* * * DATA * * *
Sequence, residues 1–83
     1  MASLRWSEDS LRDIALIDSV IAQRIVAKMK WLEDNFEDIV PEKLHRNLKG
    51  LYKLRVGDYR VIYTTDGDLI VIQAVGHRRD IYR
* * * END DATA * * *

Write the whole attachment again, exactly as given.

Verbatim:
Sequence, residues 1–83
     1  MASLRWSEDS LRDIALIDSV IAQRIVAKMK WLEDNFEDIV PEKLHRNLKG
    51  LYKLRVGDYR VIYTTDGDLI VIQAVGHRRD IYR